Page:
Counsel for the defendant insist that the charge was error because the notation on the bill of sale was explained by unequivocal, undisputed, and unimpeached testimony. While it is true a witness for the defendant did testify as to the meaning of the notation, he was not the author of the notation. The bill of sale was in evidence. The jury could consider its contents in determining what it meant. Though an instrument be ambiguous, its language may always be considered and is some evidence of what it means. Moreover, under the holding of this court on a previous appearance of this case, it was held that the notation meant that the title to the automobile was questionable. As was stated by this court (Nimmons v. Ballentine Motors of Georgia, Inc., supra), "The plaintiffs and the defendant differ as to whether the first word in the above quotation from the bill of sale was 'Car' or 'Our,' but, regardless of which it was, or if it was some other word, in view of all the evidence adduced, it presented a question for the jury as to whether the defendant had sufficient notice to the extent provided by Code 37-116, for the notation on the bill of sale stated in effect that there was a check or checks outstanding for the purchase price of the automobile." If error, it was harmless error for the trial judge to give the instructions excepted to, because there was sufficient evidence to support the verdict regardless of which meaning they gave the first word of the quotation. This ground shows no error.
4. Special ground 3 complains that the judge charged the jury as follows: "Where the car was turned over to Archibald, and where he was given, if you find he was so given, those indicia that would indicate he had the authority to dispose of the property, then, if you found that the defendant in this case was an innocent purchaser, a sale from Archibald to the defendant would divest the title that the plaintiffs originally had in this case."
The defendant insists that it was error for the judge to submit the question of whether the plaintiff gave to Archibald, the defendant's vendor, the indicia of title to the automobile, for the reasons, (a) that on the previous appearance of the case this court held that the only issue involved was whether the defendant was an innocent purchaser, thus eliminating all other issues, and (b) that the evidence adduced upon the trial conclusively and without contradiction showed that the plaintiff did place the indicia of title in Archibald. What this court formerly held was: "Therefore, here the only question is, was there any evidence on which the jury could have found that the defendant was not a bona fide purchaser for value?" Under the law it is presumed, nothing to the contrary appearing, that Archibald's purchase of the automobile from the plaintiff was a cash transaction, and as a matter of law when he gave a worthless check for the automobile, no title to the vehicle passed to him. Chafin v. Cox, 39 Ga. App. 301 (147 S. E. 154). He was vested with no actual right to sell. Consequently, unless Archibald had the apparent right to sell by reason of the plaintiff having conferred on him indicia of title, the defendant could not have occupied the status of an innocent purchaser. Patterson Co. v. Peoples &c. Co., 158 Ga. 503 (4) (123 S. E. 704); Capital Automobile Co. v. Ward, 54 Ga. App. 873 (189 S. E. 713).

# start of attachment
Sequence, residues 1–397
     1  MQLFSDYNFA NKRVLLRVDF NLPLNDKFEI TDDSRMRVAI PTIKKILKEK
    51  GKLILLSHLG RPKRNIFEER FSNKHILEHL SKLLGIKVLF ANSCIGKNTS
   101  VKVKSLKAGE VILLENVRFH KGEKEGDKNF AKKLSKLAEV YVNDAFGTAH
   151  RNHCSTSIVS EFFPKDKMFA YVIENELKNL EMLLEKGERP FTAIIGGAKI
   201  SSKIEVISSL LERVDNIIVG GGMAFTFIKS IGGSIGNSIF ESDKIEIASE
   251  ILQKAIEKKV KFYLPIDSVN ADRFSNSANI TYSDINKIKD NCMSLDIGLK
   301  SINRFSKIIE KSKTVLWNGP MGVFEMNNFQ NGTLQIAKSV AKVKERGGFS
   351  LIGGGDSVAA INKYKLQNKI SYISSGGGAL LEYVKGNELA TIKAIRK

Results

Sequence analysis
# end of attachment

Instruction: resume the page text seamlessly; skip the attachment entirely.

It is apparent that this court, in holding that the only issue in the case was whether the defendant was an innocent purchaser, did not eliminate the issue as to whether the plaintiff clothed Archibald with the indicia of title. Nor was it error to submit to the jury the issue though the conclusive and undisputed evidence adduced upon the trial of the case showed that the plaintiff had by his conduct given to Archibald the apparent right to sell the automobile.
"A trial judge may, in his discretion (and at his peril), state, in his charge to the jury, that a certain fact which is admitted or wholly undisputed has been proved, but he is not required, even though so requested, to state to the jury that an issuable fact is true or has been sufficiently proved, even though it be undisputed in the evidence. The better practice is to allow the jury to determine the question whether any issuable fact proved by either party is uncontradicted or undisputed." Scott v. Valdosta &c. R. Co., 13 Ga. App. 65 (1) (78 S. E. 784); New Ware Furniture Co. v. Reynolds, 16 Ga. App. 19 (1a) (84 S. E. 491); Elrod v. Chamblee, 26 Ga. App. 703 (1) (106 S. E. 915); Barbre v. Scott, 75 Ga. App. 524, 535 (43 S. E. 2d 700); Williams Bros. L. Co. v. Meisel, 85 Ga. App. 72, 76 (68 S. E. 2d 384); Sammons v. Webb, 86 Ga. App. 382, 389 (71 S. E. 2d 832). This ground is without merit.
Judgment affirmed. Felton, C. J., and Nichols, J., concur.
H. A. Stephens, Jr., Woodruff, Swift & Stephens, contra.
Frank Love, Jr., Powell, Goldstein, Frazer & Murphy, for plaintiff in error.
DECIDED APRIL 5, 1956.
Saturday May 23 02:15 EDT